For the last couple of years, I’ve been sort of walking backwards in time through my siblings’ birthdays, via Mid-Week Music Breaks. In 2011, I covered the Warren-Zevon-loving Kid Brother; and in 2012, The Musical Sister.
Which brings me to this year’s entry on the last of the three, although she was the first to arrive on the scene: the person whom (parents aside) I’ve known longer than anyone in my life.
Maybe I’ve known her a long time — she’s also the only sibling I’ve ever lived with once we’d moved away from home — but I don’t really know much about her musical tastes. Oh, I know she listens to music, at least sometimes; certainly back in the ’70s, we went to a number of concerts together for performers we were both into at the time: John Denver, James Taylor, Gordon Lightfoot, Sha-Na-Na (!)… She’s alerted me to unfamiliar music every now and then, too; I’d never even heard of pianist George Winston, for instance, until she gave me his December album (still one of my favorites to listen to, regardless of season).
But unlike the other three of us, she’s never really focused on music to any great extent. I don’t remember that she ever took lessons of any kind — not even dancing lessons — or ever expressed any desire to play music. I’ve never heard her whistle or hum. I have never been driven mildly nuts by her playing a particular album over and over and over. I think the only real preference she ever expressed in anything resembling (faintly) a musical debate was My favorite of the four is Paul.
Part of it, no doubt, is that she is (has always been) just one of the busiest damned people any of us knows. As a kid, she was one of those natural-born escape-artist busybodies who keep their parents’ nerves in a constant state of high alert, and she anchored a half-dozen student activities in high school while maintaining an energetic social life. Now semi-retired — after two careers in teaching and HR, which themselves bracketed a couple decades of raising three boys — she’s self-employed, travels a lot, keeps in touch with lots of old friends, coordinates a lot of family “events”… On long trips, she tends to listen to audiobooks rather than music while driving/flying and during idle periods — because (I guess) otherwise it would just be time wasted. (It exhausted me just to type this paragraph; it really needed to be presented, though, as a single unpunctuated sentence.)
So no, I don’t know what sort of music she listens to “recreationally,” if I ever did. But I do know that one sort of music she’ll at least sometimes talk about is music in the service of comedy. She used to love Mark Russell‘s political songwriting and performances on PBS, for instance. When we talk after she returns from a trip to, say, Chicago, she’ll tell me about some hilarious cabaret act she saw while in town. She laughed as much as any of us at Belushi and Ackroyd’s Blues Brothers routines.
And then there’s a whole sub-genre of comic music about things meaningful to us about growing up when and where we did…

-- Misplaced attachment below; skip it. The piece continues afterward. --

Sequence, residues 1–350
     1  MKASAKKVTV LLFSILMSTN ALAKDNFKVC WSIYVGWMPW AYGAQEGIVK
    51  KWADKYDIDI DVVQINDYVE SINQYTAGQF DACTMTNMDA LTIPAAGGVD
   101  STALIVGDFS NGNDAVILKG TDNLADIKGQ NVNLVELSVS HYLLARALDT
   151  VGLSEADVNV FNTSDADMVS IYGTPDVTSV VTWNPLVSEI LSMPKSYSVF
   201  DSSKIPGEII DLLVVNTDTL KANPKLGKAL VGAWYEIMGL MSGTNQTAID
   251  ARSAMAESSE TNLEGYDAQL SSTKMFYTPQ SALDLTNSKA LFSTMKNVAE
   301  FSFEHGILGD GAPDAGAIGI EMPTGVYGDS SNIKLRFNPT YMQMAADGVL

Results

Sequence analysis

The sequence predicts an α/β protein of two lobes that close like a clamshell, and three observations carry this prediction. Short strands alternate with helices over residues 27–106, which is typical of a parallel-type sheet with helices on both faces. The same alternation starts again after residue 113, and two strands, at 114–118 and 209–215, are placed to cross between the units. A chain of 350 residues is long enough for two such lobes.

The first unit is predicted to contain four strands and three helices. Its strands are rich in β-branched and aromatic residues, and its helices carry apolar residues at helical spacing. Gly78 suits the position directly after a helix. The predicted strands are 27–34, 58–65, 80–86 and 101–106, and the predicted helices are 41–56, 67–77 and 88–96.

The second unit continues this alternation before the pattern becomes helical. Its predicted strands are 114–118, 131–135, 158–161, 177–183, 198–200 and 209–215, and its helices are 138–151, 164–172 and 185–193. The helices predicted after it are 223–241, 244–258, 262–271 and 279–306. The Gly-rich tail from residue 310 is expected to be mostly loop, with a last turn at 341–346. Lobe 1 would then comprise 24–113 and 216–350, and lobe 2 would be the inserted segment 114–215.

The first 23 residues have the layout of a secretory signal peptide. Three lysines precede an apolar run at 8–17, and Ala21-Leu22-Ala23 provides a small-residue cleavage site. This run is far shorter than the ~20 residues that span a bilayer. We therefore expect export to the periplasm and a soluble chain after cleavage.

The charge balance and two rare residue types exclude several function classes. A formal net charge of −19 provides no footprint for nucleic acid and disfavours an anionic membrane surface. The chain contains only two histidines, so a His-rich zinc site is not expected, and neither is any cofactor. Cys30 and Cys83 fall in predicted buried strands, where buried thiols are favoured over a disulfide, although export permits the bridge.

Comedian Robert Klein‘s stand-up act as recorded on his 1973 album, Child of the ’50s, offers a few such musical treats. Klein must be something of an aspiring musician himself; he wrote and performed a couple of songs for the album, and even in the nominally non-musical bits he incorporated many musical touches — especially acting out musical instruments vocally.
In the clip below, Klein recreates the voices and the musical palette which underlay the old “Our Gang” comedies from the 1930s and ’40s. We didn’t see them when first released, obviously, but they were being shown quite a bit on television in the ’50s and ’60s, especially on kids’ programs (where they’d been repackaged as “The Little Rascals”), so they were hard to miss. I think we all sort of envied the unstructured, small-fry-adventurous lives which the Gang seemed to live.
I think I do remember The Perhaps Non-Musical Sister laughing at this routine. (Say it with me, in a straining-larynx little-kid’s voice: I don’t feel like goin’ to school today!) It took me a while to pull it together for inclusion here: I couldn’t find the album available as a set of MP3s for purchase. But I did manage to grab the whole thing online, as a single giant 50MB+ monster. From that, I pulled this three and a half minutes.
So happy (a few days belated) birthday, Sis. I know you don’t spend much time online — no! (pant) time! (pant) to! (pant) waste! — but maybe you’ll land here some day, some time. Probably then only by mistake, and probably for just the four minutes or so it takes you to read and listen to this post. But I’ll take it: those little such bursts of quiet are, for the rest of us, always worth waiting for. (Not just because all of us can finally take a breather, but yeah, that too.)
[Below, click Play button to begin Child of the ’50s: Our Gang. While audio is playing, volume control appears at left — a row of little vertical bars. This clip is 3:39 long.]
Aside: For the first time, I just looked closely at that table in the photo. I’m close to 100% certain it ended up in the apartment the two of us shared in the mid-1970s, holding the Dracaena marginata plant I dubbed “Marge.”